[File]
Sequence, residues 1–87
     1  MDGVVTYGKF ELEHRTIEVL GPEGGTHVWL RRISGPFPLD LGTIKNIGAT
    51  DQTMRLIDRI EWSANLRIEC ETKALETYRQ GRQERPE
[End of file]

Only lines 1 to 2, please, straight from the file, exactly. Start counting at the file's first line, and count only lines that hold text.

Sequence, residues 1–87
     1  MDGVVTYGKF ELEHRTIEVL GPEGGTHVWL RRISGPFPLD LGTIKNIGAT